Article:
Rudy Boesch, a participant on “Survivor” and former Navy Seal, was nearly stricken by AAA, but an inadvertent detection allowed him to receive the proper treatment in time. Rudy's doctor, Dr. DeMasi, provides answers to some of the more frequently asked questions about AAA, including warning signs and treatment options for this serious but preventable cause of death.
What is an Abdominal Aortic Aneurysm?
An abdominal aortic aneurysm (AAA) is an abnormal expansion of the abdominal portion of the aorta, the largest artery in the body. AAA develops in affected individuals when the aortic wall weakens and eventually starts to bulge. AAA usually develops slowly and most often does not cause symptoms.
Why is AAA dangerous?
If the aneurysm gets too big, then it can rupture, or tear, resulting in massive internal bleeding and death. Most people do not survive a ruptured AAA. Ruptured AAAs are one of the leading causes of death in the elderly in the United States – killing approximately 15,000 Americans each year. Therefore, as a known cause of death in the US, AAA is about equal to HIV/AIDS or several forms of cancer.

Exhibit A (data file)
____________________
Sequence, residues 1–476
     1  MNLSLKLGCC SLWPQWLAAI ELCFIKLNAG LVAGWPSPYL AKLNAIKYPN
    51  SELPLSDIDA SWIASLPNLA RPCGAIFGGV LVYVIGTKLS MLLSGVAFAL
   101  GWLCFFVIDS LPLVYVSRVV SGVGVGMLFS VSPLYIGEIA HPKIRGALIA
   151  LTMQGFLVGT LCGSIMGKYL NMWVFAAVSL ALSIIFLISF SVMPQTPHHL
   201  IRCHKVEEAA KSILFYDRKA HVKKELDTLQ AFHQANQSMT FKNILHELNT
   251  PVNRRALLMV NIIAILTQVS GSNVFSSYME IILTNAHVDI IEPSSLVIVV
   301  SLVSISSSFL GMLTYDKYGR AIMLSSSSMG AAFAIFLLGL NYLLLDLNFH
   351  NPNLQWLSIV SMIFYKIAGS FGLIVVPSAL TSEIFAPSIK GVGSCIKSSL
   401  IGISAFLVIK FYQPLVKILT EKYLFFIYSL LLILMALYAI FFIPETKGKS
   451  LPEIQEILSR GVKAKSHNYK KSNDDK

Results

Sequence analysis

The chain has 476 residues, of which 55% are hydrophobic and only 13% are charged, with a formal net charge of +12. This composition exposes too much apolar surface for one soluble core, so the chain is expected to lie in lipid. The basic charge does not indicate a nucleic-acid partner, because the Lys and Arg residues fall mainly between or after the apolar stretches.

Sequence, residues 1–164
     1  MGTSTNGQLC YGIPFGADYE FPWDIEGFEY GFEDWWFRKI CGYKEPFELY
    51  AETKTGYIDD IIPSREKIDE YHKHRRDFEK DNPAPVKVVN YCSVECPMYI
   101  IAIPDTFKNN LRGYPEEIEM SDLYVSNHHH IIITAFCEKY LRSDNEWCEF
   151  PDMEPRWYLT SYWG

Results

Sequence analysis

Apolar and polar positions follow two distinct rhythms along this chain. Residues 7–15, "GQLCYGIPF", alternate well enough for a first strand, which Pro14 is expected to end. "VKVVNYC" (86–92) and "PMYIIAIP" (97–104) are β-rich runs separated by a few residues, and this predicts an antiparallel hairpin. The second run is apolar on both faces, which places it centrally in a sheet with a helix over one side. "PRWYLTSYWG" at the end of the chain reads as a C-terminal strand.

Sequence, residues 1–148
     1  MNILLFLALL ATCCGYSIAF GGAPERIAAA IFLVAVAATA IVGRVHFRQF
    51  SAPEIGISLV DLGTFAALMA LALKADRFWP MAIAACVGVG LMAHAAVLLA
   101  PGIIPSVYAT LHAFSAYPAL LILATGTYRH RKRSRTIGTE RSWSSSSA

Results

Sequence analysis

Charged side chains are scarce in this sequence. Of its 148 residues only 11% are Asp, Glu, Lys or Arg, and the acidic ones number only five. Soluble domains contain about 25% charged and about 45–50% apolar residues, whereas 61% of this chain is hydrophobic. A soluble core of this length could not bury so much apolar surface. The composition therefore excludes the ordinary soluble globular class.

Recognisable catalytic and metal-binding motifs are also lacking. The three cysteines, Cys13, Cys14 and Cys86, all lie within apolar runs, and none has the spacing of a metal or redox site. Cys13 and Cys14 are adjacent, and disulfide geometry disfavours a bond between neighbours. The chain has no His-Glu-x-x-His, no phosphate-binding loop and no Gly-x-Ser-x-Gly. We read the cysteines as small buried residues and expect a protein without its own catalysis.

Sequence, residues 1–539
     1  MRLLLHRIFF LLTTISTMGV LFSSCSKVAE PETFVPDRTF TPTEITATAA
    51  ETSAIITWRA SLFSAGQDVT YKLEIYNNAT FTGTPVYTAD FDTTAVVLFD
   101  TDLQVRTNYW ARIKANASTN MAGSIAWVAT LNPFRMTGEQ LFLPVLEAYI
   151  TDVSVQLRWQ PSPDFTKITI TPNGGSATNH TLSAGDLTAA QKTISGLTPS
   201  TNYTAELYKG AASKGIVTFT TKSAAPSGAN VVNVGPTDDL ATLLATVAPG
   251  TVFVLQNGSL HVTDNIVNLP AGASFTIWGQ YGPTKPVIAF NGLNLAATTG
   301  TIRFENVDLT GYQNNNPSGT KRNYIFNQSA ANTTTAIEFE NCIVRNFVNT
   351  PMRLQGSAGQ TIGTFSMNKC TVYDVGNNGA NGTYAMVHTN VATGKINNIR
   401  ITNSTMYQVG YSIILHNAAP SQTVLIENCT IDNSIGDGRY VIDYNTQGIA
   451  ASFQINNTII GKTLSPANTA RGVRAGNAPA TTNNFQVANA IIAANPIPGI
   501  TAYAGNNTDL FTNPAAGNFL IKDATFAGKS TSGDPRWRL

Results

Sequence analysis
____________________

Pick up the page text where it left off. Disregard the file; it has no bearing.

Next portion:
What are the risk factors for AAA?
Risk factors for AAA include being over the age of 55, having risk factors for cardiovascular disease (smoking, high blood pressure), and a family history of AAA.
Are there any symptoms?
Most AAAs are never diagnosed because there are usually no symptoms. The symptoms of AAA rupture include a pulsating sensation in the abdomen, sudden and severe abdominal or back pain, clammy skin, rapid heart rate when rising to a standing position, and nausea or vomiting.
How common is AAA?
Approximately 2 million Americans may have an AAA. Although official prevalence figures do not exist, it is estimated that between 4 to 7 percent of adults over the age of 60 have an AAA. Women with a positive family history for AAA or cardiovascular risk factors have almost the same incidence as men.
Is it possible to treat an AAA?
Yes. Abdominal aortic aneurysm is one of the most preventable causes of death because it is highly treatable and curable in 95 percent of men and women when it’s detected before rupture occurs. Therefore, early detection is critical.